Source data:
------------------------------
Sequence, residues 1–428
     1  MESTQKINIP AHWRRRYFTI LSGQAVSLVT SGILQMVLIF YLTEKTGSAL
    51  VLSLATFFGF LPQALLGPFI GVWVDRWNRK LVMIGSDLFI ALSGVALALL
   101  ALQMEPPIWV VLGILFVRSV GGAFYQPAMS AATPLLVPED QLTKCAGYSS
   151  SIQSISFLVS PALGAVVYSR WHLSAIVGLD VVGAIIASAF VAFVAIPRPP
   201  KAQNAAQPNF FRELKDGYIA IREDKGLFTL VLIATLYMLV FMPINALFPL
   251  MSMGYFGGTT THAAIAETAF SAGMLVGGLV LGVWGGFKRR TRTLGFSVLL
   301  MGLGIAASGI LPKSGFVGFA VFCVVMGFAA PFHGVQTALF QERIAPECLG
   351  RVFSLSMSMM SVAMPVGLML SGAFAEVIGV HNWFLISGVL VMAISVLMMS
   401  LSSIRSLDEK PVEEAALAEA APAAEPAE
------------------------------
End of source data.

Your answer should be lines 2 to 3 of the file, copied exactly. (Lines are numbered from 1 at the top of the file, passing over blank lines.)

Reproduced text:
     1  MESTQKINIP AHWRRRYFTI LSGQAVSLVT SGILQMVLIF YLTEKTGSAL
    51  VLSLATFFGF LPQALLGPFI GVWVDRWNRK LVMIGSDLFI ALSGVALALL